engineer World Trade Organization Brazil Roberto Vado director general director Titians
"world trade organization" Discussed on Bloomberg Radio New York

Bloomberg Radio New York

02:05 min | 2 years ago

"world trade organization" Discussed on Bloomberg Radio New York

"The NASDAQ up forty eight. I'm Ann Cates. I Bryan Curtis in Hong Kong. Let's get you. This hour's top business stories and the markets. China will ask the World Trade Organization for permission to retaliate against the United States for failing to comply with anti-dumping rules in two thousand seventeen the WTO ruled certain US actions broke the rules in Beijing wants sanctions against the US totaling seven billion dollars. Canada is seeking to reform the World Trade Organization, it is looking for an alliance of like-minded countries to restore confidence in the multilateral trading system and auto also says the NAFTA talks with the United States have been productive. US carmakers are losing share in China. Bloomberg's Rishaad Salamat has more it small competitiveness rather than the trade or the market share of US brands falling to ten point seven percent of the first eight months of this year that sound from twelve point two percent a year ago. The China says Asian of automobile manufacturers drop was caused by companies not refreshing their lineups. In a timely manner. Spokesman said it's not the trade or he says there's no anti-american sentiment all the boycotting of US brands, but the Chinese economy is car retail sales have dropped for three straight months. China's anti-sports opened up nearly four percent, but he's now flat and to Chinese buyout firm fountain. Vest partners have made a five point five billion dollar offer for Amer Sports have Finland Amer is one of the world's largest athletic gear makers. It makes the Wilson tennis racquets used by Serena Williams as well as the atomic and Solomon ski equipment. All right. Let's get a check at the Asian markets this morning and Hang Seng index down two thirds of one percent, another one hundred and seventy eight points, lower taking anchoring index further into bear market territory. The Shanghai composite is down about a half of one percent. And the Nikkei is also down a half of one percent. Global news twenty four hours a day live at a tick tock on Twitter, powered by twenty seven hundred journalists and analysts in one hundred twenty countries around the world in. Kong. I'm Bryan Curtis..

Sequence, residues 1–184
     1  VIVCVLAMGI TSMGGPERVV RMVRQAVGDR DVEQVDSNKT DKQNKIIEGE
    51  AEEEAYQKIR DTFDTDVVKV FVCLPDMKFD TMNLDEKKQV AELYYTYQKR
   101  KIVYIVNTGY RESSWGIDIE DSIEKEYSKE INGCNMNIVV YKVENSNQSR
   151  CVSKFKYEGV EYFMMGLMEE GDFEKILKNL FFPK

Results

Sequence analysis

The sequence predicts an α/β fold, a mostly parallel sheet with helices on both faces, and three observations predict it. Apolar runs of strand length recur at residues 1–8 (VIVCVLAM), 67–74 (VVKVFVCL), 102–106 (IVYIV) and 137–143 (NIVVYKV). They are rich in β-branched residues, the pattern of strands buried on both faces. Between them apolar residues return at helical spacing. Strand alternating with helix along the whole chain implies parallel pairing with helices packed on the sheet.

United States China World Trade Organization Bryan Curtis Hong Kong Ann Cates Amer Sports Serena Williams Twitter Hang Seng NAFTA Finland Amer Beijing Canada Bloomberg Rishaad Salamat one percent seven billion dollars
"world trade organization" Discussed on KMOX News Radio 1120

KMOX News Radio 1120

01:33 min | 2 years ago

"world trade organization" Discussed on KMOX News Radio 1120

"The latest business john yeah happy friday futures right now pointing to a higher open odd wall street just few minutes the equity futures they did pare some earlier gains that are reported that president trump wants to withdraw from the world trade organization we also figures out this morning show as you showing us consumer spending rising less than forecast it may americans as it turns out saved more of their incomes also inflation top the federal reserve's goal by more than expected and bitcoins meteoric rise last year had a lot of jurors calling at one of the biggest speculative mania is in history they'll probably right now it's down seventy percent from its december hi address lining for a fourth straight day this morning right now it's down over three percent a related story hackers are actually focusing on a new type of heist putting malicious software on people's handsets tv's at smart fridges that makes the mind for digital money victims may notice only a slight drop in processing power nike's home market getting it's mojo back sneaker giants north american sales rose for the first time in four quarters sp futures ahead of the open up ten the dow futures up one hundred twelve right now and the nasdaq futures are twenty six points higher with your money report i'm john tucker bloomberg business on newsradio eleven twenty k m o x kmox news time is eight twenty let's get you to work things are calming down any out there captain roger brand has more from the steeple traffic center things are starting to cool down a bit megan that's good news traffic.

trump nike captain roger brand president john tucker eleven twenty k seventy percent four quarters three percent
"world trade organization" Discussed on KQED Radio

KQED Radio

01:44 min | 2 years ago